Tears come from the heart , not from the brain. Leonardo daVinci

Now, I am quite sure that my tears were also related to fatigue from an all-night flight, but WOW! They sure were flowing yesterday!

And then, THIS picture here below was posted by my friend, Stephanie, in celebration of their 4th child while I was away. Part of the caption especially moved me …

“The world stopped for a moment as your daddy held out his hands to meet you and I waited to hear your first cry. ‘As for me, I will always have hope. I will praise You more and more.’  Psalm 71:14”

Good thing I didn’t try to wear any eye make-up yesterday.12189675_10207824332148795_2391057791809491018_n

When I was looking through the mail Donny had set aside for me, I noticed I had received yet another book.  In case you didn’t already know this about me, I LOVE books, and I usually start one each week. Anne Lamott, being one of my favorite authors, wrote a book in 2013 which I had not had a chance to read and it arrived in my hands at just the right time for all of these tears!  Just think with me for a moment about these words from Stitches: A Handbook on Meaning, Hope, and Repair printed right in the flap:

“What do we do when life lurches out of balance? How can we reconnect to one another and to what’s sustaining? In this book, Lamott explores how we find meaning and peace in these loud and frantic times; where we start again after personal and public devastation; how we recapture wholeness after loss; and how we locate our true identities in this frazzled age. We begin by collecting the ripped shreds of our emotional and spiritual fabric and sewing them back together, one stitch at a time. It’s in these stitches that the quilt of life begins, and embedded in them are strength, warmth, humor, and humanity.”

As I move forward into this week of transitioning from living in a developing community like Rio de Janeiro for a week, to now back to living here in America, where I so easily forget how very blessed I am, I pray that my blended tears will continue. Some may say I wear my heart on my sleeve, but I believe that my blended tears are confirmation to me that there is still plenty for me to do while I am here on this earth. How about you?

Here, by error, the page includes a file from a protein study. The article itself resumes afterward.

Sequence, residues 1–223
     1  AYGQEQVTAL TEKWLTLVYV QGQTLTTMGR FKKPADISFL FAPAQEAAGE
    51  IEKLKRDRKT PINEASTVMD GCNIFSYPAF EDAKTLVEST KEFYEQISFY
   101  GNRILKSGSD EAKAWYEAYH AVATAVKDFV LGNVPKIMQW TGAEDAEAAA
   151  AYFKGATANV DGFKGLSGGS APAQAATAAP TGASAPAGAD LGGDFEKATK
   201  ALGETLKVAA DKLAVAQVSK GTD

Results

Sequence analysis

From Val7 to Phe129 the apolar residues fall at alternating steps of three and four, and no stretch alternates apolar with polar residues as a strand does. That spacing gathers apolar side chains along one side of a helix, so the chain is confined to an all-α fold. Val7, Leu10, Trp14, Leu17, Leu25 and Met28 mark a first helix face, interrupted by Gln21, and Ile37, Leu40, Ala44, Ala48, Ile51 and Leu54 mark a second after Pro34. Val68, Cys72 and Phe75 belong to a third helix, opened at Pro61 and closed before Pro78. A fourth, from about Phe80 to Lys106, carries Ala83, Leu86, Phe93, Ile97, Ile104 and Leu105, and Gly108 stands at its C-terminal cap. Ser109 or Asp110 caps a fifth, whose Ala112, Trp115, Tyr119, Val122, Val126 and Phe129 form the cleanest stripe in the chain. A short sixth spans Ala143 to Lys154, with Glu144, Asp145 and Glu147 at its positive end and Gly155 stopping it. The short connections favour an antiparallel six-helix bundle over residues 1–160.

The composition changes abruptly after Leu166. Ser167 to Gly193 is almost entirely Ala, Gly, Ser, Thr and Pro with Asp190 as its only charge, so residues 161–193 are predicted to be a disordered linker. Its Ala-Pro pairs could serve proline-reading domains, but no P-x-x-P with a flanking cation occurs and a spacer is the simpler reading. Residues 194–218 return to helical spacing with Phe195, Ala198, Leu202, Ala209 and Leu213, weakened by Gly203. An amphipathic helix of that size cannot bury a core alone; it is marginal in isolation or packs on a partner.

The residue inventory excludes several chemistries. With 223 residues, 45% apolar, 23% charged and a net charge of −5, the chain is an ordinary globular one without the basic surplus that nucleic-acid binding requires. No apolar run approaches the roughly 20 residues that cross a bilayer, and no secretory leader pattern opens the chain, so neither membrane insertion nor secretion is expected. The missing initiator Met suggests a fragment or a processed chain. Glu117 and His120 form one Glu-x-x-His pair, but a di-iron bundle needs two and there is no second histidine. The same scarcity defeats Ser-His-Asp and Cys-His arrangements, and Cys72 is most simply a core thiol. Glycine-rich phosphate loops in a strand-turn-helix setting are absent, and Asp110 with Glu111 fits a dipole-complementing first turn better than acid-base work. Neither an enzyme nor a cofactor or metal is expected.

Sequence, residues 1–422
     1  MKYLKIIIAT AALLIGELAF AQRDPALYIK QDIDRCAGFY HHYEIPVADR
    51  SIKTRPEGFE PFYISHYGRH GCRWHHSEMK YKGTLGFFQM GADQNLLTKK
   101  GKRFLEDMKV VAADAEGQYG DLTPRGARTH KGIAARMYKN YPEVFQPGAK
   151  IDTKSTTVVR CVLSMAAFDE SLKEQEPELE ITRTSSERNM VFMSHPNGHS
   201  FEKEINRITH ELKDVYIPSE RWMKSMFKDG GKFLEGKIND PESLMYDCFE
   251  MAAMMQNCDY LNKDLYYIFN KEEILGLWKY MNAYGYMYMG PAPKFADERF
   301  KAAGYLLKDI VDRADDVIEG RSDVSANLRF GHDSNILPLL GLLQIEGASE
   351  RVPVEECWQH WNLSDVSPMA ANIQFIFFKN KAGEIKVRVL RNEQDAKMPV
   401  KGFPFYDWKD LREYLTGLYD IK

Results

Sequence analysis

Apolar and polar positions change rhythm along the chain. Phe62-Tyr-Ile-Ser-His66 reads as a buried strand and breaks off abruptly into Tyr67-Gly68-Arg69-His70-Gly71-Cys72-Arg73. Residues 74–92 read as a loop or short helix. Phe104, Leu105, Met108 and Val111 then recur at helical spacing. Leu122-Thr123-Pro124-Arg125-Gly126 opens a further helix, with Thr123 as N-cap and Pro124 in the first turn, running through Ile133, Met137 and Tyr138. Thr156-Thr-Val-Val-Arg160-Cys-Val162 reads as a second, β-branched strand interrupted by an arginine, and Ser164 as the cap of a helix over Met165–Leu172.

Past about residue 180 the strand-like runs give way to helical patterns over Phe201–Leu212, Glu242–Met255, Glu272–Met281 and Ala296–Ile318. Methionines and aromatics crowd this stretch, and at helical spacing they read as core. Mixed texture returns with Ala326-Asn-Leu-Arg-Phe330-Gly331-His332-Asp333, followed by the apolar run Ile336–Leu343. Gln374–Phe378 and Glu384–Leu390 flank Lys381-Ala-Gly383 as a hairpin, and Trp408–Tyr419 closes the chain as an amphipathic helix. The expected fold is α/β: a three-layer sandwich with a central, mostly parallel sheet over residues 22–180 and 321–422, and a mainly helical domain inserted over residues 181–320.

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This once again reminds me of my friend, Cathy, who has chosen a life of helping others, using the loss of her collegiate son, Matthew Benjamin Dyas on October 1, 2011, to make a difference in the world while there is still time.

The Christian life is not a constant high. I have my moments of deep discouragement. I have to go to God in prayer with tears in my eyes, and say 'O God, forgive me.' or 'Help me. Billy Graham

 Cathy, along with Matt’s father, David elected to donate $500.00 towards art supplies for my recent Rio Journey, because their Matt loved foreign mission trips, going on many trips, himself, before he left us too soon at the age of twenty.

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Cathy encouraging a group of friends to make 1,000 lunches for MUST ministries summer lunch program at the 2015 Matt Dyas Golf Tournament.
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Young boy wears his “Still Doing It” t-shirt to honor Matt Dyas.

Read more here. Cathy is forever challenging others and herself to make a difference however you can, and I so appreciate this challenge that she gives to me.

Make A Difference, Like Matt Did!

JUST DO IT!